Keywords: Technology / Mobile Health | Adolescent Depression | Child Depression
Presentation Type: Symposium
This study aimed to review and compare the effects of Face-to-Face Cognitive Behavioral Therapy (F2FCBT) and Behavioral Intervention Technologies (BITs) for youth depression. Depression in youth is linked to poor social functioning, academic underachievement, risk of substance abuse, and suicide; however, only 25% of individuals with depression receive treatment. The current cost for psychotherapy, poor access to services, mental health stigma, and lack of symptom awareness may represent barriers to treatment. Cognitive Behavioral Therapy as well as psychopharmacological agents are commonly used interventions for the treatment of childhood depression. However, not all youth respond to these treatments. Behavioral Intervention technologies (BITs) could provide an alternative treatment that is more engaging to a technology- savvy generation while also addressing the access barriers. This presentation will review assessment of methodological quality, measurement, and treatment in online and face-to-face environments for youth depression.
Methods: Systematic review methods and meta-analysis techniques were used to analyze nineteen randomized controlled trials comparing F2FCBT, or BITS, vs. a Wait List Control or a Non-Evidence-Based control. A random effect model was used, and effect sizes were calculated using Hedges’ g to determine the treatment effectiveness from pre- to post-test measures. Subgroup comparisons were run for age and type of control group.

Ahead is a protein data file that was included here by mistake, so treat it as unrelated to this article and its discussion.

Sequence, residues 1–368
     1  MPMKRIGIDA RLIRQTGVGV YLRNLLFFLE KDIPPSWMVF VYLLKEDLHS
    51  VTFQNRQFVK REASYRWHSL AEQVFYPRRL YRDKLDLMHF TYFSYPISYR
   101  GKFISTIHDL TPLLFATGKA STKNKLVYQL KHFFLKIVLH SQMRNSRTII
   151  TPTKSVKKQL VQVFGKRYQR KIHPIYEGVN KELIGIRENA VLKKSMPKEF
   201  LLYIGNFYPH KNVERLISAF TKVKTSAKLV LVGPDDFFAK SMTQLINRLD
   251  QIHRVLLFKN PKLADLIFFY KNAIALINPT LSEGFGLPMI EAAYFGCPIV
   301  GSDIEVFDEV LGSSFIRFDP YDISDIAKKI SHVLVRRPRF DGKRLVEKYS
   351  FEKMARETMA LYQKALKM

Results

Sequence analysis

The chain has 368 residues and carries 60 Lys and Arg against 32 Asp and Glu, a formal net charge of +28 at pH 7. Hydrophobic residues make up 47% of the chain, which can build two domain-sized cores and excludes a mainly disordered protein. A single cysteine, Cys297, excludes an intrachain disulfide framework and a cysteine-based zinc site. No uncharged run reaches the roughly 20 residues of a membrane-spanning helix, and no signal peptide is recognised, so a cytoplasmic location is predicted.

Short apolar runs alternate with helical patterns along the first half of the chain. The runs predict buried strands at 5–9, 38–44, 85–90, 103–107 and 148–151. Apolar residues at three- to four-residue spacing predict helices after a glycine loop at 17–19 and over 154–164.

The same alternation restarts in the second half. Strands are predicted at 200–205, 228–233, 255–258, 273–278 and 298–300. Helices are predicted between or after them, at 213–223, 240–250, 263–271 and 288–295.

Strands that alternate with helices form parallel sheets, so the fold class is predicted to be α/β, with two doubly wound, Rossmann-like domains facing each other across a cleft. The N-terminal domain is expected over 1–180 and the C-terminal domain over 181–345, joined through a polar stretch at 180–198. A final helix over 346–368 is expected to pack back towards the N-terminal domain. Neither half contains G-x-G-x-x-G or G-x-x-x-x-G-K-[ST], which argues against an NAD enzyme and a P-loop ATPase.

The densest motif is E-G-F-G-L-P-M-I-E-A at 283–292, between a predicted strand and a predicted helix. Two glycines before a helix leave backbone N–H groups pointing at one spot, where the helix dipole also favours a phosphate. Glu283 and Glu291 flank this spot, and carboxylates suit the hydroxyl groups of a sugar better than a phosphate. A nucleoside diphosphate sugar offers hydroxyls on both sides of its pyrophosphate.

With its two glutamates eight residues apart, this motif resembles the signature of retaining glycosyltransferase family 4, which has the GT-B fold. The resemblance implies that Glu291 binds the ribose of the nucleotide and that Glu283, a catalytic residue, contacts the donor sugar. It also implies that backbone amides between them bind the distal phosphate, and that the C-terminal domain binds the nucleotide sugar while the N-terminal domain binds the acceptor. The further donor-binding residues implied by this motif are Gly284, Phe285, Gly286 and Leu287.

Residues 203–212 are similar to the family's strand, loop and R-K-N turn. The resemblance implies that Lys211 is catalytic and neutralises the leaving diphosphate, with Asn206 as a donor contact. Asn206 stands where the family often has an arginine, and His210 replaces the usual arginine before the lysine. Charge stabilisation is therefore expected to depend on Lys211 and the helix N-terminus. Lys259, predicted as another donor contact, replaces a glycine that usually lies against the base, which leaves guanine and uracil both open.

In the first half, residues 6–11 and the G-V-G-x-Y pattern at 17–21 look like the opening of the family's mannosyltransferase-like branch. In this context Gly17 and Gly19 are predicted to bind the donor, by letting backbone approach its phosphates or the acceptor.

Results: Results of the analysis show that both interventions were effective for reducing childhood depression, (F2FCBT g = -.36 and BITs g = -.34), and were not significantly different from one another (X^2 (1) = 0.02, p = .90). A subgroup analysis revealed that interventions targeted at adolescents (12-17 year-old) were more effective (g = -0.51) than interventions targeting mixed ages (0-17 yo; g = -.14).
Conclusion: When examining adolescent depression, both F2F and BIT interventions show significant improvements. There is initial evidence that developmentally targeted interventions may be more effective than broadly targeted interventions.
Palo Alto University
Friday, November 17
12:00 PM – 1:30 PM
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